Baked Potato Soup with Colby-Jack Cheese and Bacon | http://www.roseclearfield.com

I wrote the post for the Photorec.tv audience, which is primarily photographers, not bloggers. I’m going to use that fact as my excuse for not including one of key aspects for my own food photography growth, which is studying great food photographers, basically all of whom are bloggers. Learning from the best is a tried and true method for improving any skill, and food photography is no exception. I have learned the most from Jessica of How Sweet It Is and Lindsay of Pinch of Yum, who actually has a whole section of her blog dedicated to food photography. Find a few food photographers you love with great blogs and stellar images. Follow their Instagram accounts, so you can study their photos regularly.

Family-Friendly, Quick Sloppy Joes Recipe...comes together in just 20 minutes! | http://www.roseclearfield.com

Again, the full food photography post is available on the Photorec.tv blog. Also, the current Photorec.tv Instagram challenge is food (no, not a coincidence). If you’d like to participate, post your best food photography images on Instagram with the tags #PRTV and #PRTV_food2. Limit 2 entries. Recent photos only, please (aka do not go back and tag a food pic from 2015). Check out the full list of PRTV challenges to participate in future challenges as well.

Do you have any additional food photography tips?

Share them here or on the Photorec.tv blog!

More PhotoRec TV posts:

How to Maximize the Potential of Your Kit Lens | http://www.roseclearfield.com

How to Maximize the Potential of Your Kit Lens

How to Take Great Pictures in Low Light Without a Flash | http://www.roseclearfield.com

How to Take Great Pictures in Low Light Without a Flash

10 Quick Tips for Great Reflection Photos | http://www.roseclearfield.com

10 Quick Tips for Great Reflection Photos



New Baby FAQ

In my two months of Tommy update yesterday, I mentioned that there are a few questions I’ve answered all the time over the past couple of months. I decided to write a separate post with these questions, so my two month update didn’t great crazy long. Since we got Tommy, there are three questions I’ve gotten far more than any other questions.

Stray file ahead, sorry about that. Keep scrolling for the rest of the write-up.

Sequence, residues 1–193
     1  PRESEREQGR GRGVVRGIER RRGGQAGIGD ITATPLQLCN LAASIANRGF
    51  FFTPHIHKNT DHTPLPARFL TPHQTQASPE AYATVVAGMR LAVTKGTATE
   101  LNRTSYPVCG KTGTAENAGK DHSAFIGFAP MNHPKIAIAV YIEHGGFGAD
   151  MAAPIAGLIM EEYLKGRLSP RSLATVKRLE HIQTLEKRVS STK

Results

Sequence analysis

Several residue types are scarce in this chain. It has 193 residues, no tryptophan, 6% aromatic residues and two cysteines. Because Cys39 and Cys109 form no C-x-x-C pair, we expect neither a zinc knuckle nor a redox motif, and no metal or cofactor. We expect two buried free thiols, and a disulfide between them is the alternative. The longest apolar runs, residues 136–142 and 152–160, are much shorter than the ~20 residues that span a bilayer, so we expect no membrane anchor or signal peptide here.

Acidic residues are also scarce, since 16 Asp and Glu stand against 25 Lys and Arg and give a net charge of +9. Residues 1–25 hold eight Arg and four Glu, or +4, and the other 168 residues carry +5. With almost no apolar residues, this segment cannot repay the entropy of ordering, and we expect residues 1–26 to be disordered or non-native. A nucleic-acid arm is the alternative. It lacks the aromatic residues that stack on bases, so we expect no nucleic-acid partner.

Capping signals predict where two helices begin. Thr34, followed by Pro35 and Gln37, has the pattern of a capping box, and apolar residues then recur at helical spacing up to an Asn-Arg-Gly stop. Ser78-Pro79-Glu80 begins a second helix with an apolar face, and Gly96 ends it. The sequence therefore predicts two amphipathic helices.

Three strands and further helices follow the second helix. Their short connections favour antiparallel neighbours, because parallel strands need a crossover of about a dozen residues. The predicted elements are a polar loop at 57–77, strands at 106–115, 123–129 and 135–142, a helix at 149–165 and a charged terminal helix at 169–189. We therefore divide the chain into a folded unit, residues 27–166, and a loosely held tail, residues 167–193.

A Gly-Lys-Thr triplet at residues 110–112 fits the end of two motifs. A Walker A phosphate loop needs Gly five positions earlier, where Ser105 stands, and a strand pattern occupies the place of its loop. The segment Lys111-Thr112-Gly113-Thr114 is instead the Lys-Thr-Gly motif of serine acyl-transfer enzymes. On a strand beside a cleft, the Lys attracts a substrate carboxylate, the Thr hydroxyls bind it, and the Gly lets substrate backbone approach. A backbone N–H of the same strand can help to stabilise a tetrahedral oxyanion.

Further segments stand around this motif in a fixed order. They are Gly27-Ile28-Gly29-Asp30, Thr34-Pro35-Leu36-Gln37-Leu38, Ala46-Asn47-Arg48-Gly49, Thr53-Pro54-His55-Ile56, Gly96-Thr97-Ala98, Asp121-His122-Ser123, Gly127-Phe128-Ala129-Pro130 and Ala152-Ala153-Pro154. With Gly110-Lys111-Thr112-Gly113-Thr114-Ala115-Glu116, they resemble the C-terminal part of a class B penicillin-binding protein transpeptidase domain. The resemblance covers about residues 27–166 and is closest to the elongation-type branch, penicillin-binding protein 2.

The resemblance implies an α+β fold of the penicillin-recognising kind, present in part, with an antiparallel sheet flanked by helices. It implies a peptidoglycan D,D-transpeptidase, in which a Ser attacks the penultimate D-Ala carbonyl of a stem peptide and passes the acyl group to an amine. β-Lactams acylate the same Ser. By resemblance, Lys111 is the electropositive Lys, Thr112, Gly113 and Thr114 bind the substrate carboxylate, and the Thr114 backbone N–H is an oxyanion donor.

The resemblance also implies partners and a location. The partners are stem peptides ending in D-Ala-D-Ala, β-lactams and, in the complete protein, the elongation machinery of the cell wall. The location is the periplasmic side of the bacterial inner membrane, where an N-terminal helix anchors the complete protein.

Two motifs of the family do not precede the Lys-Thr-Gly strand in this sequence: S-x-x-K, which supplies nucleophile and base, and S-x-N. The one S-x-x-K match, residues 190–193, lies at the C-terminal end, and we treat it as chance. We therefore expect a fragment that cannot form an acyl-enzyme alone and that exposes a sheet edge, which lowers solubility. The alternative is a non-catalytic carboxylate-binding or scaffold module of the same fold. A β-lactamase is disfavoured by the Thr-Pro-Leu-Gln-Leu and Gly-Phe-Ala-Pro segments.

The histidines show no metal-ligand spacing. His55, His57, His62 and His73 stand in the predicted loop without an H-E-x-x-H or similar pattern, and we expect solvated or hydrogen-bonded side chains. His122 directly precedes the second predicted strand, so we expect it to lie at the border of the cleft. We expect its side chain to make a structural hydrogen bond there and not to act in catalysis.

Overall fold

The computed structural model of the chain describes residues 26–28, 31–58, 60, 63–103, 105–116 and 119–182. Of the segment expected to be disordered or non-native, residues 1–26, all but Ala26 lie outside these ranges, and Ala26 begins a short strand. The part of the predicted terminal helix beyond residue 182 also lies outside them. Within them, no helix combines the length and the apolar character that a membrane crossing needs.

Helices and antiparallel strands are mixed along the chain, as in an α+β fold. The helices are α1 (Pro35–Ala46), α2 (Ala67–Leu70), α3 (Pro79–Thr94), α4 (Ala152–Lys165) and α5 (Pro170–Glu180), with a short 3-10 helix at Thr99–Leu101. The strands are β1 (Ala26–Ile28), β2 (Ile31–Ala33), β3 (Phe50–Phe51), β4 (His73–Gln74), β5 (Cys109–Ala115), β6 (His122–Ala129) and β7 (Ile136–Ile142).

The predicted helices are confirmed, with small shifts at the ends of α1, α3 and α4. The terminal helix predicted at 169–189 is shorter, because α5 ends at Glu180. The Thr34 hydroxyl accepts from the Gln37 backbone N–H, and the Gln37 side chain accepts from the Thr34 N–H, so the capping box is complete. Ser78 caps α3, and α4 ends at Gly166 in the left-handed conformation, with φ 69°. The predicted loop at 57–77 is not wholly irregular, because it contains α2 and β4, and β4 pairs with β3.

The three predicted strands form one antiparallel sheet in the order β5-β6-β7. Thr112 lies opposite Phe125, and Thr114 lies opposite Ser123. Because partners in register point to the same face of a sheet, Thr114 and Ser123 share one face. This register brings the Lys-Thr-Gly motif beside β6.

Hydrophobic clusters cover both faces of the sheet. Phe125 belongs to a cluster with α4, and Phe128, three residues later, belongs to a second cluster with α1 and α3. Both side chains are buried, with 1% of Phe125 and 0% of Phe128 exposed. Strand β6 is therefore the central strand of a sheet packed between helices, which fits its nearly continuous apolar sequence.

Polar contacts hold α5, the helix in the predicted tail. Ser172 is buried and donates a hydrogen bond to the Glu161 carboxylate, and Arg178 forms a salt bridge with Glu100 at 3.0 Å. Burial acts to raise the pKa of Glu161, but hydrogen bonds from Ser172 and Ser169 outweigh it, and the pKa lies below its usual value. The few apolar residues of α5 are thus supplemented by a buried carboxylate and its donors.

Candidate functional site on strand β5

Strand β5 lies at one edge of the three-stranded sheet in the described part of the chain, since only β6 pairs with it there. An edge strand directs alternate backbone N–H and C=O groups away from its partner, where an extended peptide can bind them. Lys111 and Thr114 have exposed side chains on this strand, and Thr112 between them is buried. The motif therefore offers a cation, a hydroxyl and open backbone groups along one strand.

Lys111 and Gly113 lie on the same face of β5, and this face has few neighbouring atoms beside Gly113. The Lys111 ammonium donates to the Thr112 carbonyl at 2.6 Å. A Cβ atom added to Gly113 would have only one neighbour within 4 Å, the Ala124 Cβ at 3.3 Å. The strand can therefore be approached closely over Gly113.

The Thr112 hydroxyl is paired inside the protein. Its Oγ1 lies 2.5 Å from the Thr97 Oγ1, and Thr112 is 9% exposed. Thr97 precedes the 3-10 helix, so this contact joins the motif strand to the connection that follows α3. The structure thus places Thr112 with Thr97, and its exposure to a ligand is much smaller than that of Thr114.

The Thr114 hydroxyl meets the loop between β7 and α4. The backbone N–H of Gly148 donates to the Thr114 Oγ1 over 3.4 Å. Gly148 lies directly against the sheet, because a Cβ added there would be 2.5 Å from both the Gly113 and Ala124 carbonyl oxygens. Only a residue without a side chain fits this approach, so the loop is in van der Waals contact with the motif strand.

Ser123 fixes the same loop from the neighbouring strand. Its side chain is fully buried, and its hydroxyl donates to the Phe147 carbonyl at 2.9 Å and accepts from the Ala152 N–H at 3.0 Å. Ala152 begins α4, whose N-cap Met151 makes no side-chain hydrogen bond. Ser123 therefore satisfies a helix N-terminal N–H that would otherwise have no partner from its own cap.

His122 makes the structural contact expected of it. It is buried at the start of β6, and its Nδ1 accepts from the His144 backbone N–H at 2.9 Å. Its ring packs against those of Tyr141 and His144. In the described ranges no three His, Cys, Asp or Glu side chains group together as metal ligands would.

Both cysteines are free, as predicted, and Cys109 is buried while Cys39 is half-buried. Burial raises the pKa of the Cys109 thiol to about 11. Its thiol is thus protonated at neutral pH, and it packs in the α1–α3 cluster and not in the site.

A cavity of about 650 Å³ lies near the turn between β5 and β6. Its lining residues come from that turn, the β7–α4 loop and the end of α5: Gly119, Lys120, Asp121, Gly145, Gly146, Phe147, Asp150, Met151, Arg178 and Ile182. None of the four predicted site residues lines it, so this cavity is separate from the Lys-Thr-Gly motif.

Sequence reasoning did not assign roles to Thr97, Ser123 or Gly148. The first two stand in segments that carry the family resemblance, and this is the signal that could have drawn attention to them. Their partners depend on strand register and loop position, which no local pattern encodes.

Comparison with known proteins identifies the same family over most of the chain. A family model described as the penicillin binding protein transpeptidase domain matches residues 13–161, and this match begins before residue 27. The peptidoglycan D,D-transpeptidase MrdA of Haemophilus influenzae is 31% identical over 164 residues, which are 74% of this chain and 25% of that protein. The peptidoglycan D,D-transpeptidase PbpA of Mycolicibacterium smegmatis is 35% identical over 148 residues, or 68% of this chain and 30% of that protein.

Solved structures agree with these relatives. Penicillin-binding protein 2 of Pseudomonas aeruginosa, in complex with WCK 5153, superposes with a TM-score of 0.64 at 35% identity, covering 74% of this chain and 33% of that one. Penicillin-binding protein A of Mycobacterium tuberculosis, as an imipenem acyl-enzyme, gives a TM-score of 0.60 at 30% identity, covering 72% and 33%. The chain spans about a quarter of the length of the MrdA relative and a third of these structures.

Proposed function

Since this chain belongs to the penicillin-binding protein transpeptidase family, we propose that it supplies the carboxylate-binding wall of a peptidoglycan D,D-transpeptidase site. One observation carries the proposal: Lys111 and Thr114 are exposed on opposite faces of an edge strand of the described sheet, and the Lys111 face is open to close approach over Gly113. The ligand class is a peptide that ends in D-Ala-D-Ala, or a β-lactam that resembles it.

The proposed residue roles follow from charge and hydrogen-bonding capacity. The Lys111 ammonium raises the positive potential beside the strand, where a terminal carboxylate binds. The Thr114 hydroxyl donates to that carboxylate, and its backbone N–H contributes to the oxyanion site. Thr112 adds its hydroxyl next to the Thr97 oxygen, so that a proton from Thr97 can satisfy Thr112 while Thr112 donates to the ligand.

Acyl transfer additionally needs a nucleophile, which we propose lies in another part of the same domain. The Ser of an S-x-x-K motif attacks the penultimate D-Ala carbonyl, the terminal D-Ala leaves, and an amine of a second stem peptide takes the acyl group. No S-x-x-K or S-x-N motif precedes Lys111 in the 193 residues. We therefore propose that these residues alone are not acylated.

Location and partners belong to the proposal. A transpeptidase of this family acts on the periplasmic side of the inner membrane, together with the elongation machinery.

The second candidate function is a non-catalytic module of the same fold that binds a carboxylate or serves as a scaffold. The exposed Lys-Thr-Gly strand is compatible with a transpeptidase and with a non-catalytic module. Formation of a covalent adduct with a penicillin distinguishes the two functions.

Tommy 2 Months | http://www.roseclearfield.com

#1 Are you getting any sleep?

When you’re talking to a new parent, please think of a question more original than are you getting any sleep. Seriously, what do you think? You should actually be concerned if someone says they’re sleeping straight through the night consistently with a two month old. The worst part is when I say that I am sleeping and that it hasn’t been that bad, people are just like, what? They don’t really believe me. It seems as though you can’t win.

The first couple of weeks were the hardest. I often felt like I was forcing myself through my regular motions and just narrowly avoiding slamming straight into a wall of exhaustion. But it’s been manageable since then, and I’m not just saying that to put on a good face for public appearance. Tommy has his days and nights figured out and always sleeps his longest stretches at night. He consistently wakes up 1-2 times between midnight and 6:30/7:00 a.m. If we don’t have to go anywhere early in the morning, I can often get him to go back down until 9:00 a.m. or so. When he does wake up, it’s because he’s hungry. I can feed him and get him back down in under an hour.

When Jake was in medical school, I taught special education full-time and went to grad school part-time. It was my very first teaching job. Getting up 1-2 times per night with a newborn really hasn’t been any more exhausting. I think the toddler stage will be much more exhausting.

#2 How are the cats reacting to Tommy?

I’m not sure if people usually ask new parents how their pets are reacting to the baby or if friends and family know that Jake and I are borderline crazy cat people. It’s not a secret that my cats got me through a lot of my darkest days of infertility and still mean the world to me. But I still think it’s funny because I can’t imagine that this is a normal new parent question.

Anyway, the cats have done surprisingly well with Tommy. I was worried that they’d either spend all day hiding under the bed or want to climb right in the bassinet with him. They are smartly cautious around him and are generally okay to hang out near him, even when he’s fussy. They hate baby crying noises on TV, like run out of the room hate. But they definitely understand what the crying and other fussy noises mean when they can see Tommy and know that we’re going to help him. All three cats expect a pretty high level of attention and still make sure that they get it most days.